October 17th, 2010 dotted line

I Live in the Future (2010), Nick Bilton

Bilton has a good thesis, one which isn’t fully fleshed out until the end of the book. “We are all storytellers”. That’s what matters. At the heart of the digital revolution is simply the desire to find the best ways to consume and create our stories.


Google calls it “dog-fooding” – engineers using their own product (eg. Gmail). When creators choose not to use their own product, you know there’s a problem. Bilton himself, an editor at the NY Times, canceled his paper subscription – a clear sign things weren’t well in the newspaper business.

Storytelling is Nick’s common thread through his career, the common link through his forays into advertising, writing, photography, video, programming, UI design, etc. I suspect it could be mine too.

One of the reasons I like SF so much – it’s a place on the cutting edge of tech change, and tech change is a key driving force behind today’s media and social change. For a storyteller, this is unbearably compelling. Access is the key, and why China and other authoritarian countries are trying to control access to the Internet.

Digital is the distribution channel for content today, and its cost of delivery is virtually negligible. This is a wrenching change for many knowledge industries.

Nick’s introduction gives a summary at the chapter level of the entire book, something I’ve seen in other books of the same ilk.

Reporting (aka journalism)! Something I’d like to look at more.

“Morality sherrifs” (in his chapter on the porn industry).

Beginning a story without seeming to, so the flow of thought isn’t broken. I hate it when an author telegraphs this – it feels like they’re making you wait before they make their real point.

There is a long tail even in the porn business (niche tastes). Apparently this is where revenue is these days – these consumers will pay if the price is reasonable.

Two strategies for fighting the porn pirates without taking them to court (legal fees can cripple a fledgling business, and if you can’t fight ’em..) – 1) Upload preview clips from new, upcoming content to promote them, 2) post high quality clips for films which have low quality bootleg versions, to show consumers what they’re missing out on.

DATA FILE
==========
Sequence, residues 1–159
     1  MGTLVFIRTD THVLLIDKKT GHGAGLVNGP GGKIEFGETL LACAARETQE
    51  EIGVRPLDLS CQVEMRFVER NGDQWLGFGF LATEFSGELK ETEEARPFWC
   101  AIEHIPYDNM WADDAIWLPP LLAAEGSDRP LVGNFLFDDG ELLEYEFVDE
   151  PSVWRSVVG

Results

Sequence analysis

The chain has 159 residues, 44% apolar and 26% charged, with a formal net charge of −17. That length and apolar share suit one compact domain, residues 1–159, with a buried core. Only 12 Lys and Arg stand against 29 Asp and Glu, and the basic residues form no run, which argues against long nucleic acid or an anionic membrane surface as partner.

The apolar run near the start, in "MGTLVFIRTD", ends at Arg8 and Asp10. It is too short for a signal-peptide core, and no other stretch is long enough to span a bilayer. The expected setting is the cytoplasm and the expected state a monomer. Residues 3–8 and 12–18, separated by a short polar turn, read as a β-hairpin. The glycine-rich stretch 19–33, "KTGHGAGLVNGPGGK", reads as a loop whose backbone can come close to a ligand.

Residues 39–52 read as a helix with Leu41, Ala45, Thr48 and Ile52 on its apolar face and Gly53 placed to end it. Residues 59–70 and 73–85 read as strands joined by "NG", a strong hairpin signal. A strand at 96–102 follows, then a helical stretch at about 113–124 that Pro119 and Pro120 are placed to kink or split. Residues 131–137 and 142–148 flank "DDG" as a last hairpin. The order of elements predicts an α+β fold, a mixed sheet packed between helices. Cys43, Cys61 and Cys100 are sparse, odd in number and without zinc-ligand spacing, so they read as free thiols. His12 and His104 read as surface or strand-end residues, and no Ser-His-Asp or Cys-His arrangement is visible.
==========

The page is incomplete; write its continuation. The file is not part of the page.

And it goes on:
Gawker has a family of niche-targeted blogs, which are doing very well.

Niche, quality, immediacy and price. To that, add an experience for the consumer, whether its through social media to build a relationship with the customer, or live concerts.

The book is itself the story of the months Bilton spent doing the research for it. A person and personality comes through his writing, which makes the experience enjoyable.

When I have time (30 minutes+), I often choose long form reading (eg. a New Yorker article). However, in most cases I have less time than that, and prefer the immediacy and lower time requirements of RSS, Twitter, news articles, etc.

Compulsive consumption is a manifestation of “an effort to not miss anything”. The solution for this is what Bilton calls “anchoring communites”, which help him navigate the information flood. My term – “filters”. However, I can appreciate the reference to community – I feel I’m getting to know the people I follow on Twitter – sportsguy33, kottke, etc. Note that even filters are getting overloaded these days, and you could easily see filters on top of filters.

We have different relationships and dynamics between online and real-life friends, and it makes sense that the way we engage and treat them is different too.

Tipping points for adoption are different for everyone. For me, I got the iPad because it was unlocked, unlike the iPhone, which requires a contract. I finally started using Twitter because an iPad app (the official Twitter client) came out whose UI was universally praised.

Brands sell trust. These days, more individuals are becoming brands unto themselves. Eg. I trust Mick LaSalle’s movie recommendations, and so he is one of my filters.

Following. Often you just go with the group because you have no set agenda – if someone has more knowledge and starts moving with purpose, the group will follow.